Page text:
Small, relatively permanent statistical subdivisions of a county or equivalent entity that are updated by local participants prior to each decennial census as part of the Census Bureau's Participant Statistical Areas Program. The primary purpose of census tracts is to provide a stable set of geographic units for the presentation of statistical data.
Census tracts generally have a population size between 1,200 and 8,000 people, with an optimum size of 4,000 people. A census tract usually covers a contiguous area; however, the spatial size of census tracts varies widely depending on the density of settlement. Census tract boundaries are delineated with the intention of being maintained over a long time so that statistical comparisons can be made from census to census. Census tracts occasionally are split due to population growth or merged as a result of substantial population decline.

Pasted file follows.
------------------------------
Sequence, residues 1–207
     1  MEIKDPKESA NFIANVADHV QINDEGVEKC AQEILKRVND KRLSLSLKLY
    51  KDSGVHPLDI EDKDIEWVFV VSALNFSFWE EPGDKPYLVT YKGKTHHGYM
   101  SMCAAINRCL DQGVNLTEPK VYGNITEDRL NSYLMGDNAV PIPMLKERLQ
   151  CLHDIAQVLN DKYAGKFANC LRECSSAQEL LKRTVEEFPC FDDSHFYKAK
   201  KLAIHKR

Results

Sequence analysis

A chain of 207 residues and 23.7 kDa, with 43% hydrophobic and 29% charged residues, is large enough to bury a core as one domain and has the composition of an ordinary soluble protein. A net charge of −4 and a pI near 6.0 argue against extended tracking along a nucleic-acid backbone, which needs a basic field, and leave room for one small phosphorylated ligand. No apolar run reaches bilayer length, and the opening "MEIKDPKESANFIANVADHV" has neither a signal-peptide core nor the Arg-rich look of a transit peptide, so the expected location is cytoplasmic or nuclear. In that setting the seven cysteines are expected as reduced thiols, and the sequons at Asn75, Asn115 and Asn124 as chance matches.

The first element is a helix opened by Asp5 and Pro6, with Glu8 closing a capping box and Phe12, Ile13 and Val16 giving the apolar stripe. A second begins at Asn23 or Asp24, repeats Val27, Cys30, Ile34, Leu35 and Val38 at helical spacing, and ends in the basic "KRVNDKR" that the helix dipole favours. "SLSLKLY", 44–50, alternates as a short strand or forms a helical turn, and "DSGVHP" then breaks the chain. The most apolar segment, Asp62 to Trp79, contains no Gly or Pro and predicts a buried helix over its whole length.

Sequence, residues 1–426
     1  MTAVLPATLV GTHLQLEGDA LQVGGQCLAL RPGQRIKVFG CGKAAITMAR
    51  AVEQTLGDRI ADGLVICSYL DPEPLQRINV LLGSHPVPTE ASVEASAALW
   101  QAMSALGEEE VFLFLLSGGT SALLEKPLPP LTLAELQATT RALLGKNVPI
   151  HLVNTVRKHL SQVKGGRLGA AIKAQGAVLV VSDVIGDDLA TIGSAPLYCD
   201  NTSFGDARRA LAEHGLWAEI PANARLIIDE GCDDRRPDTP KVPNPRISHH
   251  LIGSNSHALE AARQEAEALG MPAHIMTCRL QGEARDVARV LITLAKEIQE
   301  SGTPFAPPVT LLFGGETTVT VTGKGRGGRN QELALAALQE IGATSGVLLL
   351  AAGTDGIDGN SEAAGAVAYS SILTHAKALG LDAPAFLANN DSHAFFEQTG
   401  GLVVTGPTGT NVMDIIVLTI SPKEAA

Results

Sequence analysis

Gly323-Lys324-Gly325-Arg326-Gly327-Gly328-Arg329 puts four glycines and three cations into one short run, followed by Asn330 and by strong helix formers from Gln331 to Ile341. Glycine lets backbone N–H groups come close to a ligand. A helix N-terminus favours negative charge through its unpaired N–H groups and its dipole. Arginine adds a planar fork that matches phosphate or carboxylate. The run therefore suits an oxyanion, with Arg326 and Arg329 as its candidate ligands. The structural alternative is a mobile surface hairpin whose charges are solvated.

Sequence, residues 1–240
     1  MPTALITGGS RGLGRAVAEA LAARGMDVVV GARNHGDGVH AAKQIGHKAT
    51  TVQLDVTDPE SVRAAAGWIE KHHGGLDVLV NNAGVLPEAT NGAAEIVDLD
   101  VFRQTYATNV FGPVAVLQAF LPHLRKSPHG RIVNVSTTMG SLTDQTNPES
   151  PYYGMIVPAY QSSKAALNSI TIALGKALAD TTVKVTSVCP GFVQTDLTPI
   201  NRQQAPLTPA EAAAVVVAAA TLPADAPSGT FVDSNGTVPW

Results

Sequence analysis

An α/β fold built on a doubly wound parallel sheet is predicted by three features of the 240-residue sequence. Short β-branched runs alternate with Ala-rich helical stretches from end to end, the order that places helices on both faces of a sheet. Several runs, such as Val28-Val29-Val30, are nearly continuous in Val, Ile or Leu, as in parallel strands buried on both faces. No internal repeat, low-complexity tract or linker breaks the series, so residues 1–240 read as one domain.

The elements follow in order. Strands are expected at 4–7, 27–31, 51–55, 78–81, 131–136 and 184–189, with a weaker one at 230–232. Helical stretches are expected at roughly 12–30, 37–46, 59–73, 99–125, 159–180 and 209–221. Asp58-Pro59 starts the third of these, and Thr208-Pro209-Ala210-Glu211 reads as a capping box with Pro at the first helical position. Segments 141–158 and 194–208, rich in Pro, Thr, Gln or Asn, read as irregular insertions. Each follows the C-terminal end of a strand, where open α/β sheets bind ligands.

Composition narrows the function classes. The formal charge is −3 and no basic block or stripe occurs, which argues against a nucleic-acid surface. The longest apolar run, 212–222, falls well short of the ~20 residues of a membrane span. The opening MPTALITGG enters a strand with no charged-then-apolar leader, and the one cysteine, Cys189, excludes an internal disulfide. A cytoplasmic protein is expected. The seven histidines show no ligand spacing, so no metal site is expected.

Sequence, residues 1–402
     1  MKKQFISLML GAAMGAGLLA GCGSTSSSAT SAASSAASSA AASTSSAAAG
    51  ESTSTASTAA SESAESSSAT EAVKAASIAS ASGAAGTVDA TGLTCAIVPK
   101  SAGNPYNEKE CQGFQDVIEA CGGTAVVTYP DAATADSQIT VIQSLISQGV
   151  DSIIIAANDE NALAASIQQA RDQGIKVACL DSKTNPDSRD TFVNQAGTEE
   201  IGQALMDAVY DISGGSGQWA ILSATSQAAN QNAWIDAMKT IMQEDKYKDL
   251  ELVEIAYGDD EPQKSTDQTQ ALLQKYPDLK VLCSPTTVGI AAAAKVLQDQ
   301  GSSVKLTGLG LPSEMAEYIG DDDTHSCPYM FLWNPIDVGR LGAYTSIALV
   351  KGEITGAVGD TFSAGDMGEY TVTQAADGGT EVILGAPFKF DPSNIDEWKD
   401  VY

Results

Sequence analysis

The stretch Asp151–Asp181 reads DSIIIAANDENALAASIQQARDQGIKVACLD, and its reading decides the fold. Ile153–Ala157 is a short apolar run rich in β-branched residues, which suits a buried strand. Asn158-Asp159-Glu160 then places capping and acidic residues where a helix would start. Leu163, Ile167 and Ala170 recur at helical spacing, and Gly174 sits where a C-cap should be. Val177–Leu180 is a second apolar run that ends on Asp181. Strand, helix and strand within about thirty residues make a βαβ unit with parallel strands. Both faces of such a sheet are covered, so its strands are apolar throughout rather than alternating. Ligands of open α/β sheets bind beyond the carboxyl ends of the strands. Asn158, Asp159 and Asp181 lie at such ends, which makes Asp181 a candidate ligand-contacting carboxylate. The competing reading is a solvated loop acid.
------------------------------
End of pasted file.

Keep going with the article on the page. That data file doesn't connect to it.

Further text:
Census tract boundaries generally follow visible and identifiable features. They may follow nonvisible legal boundaries, such as minor civil division (MCD) or incorporated place boundaries in some states and situations, to allow for census-tract-to-governmental-unit relationships where the governmental boundaries tend to remain unchanged between censuses. State and county boundaries always are census tract boundaries in the standard census geographic hierarchy. Tribal census tracts are a unique geographic entity defined within federally recognized American Indian reservations and off-reservation trust lands and can cross state and county boundaries. Tribal census tracts may be completely different from the census tracts and block groups defined by state and county.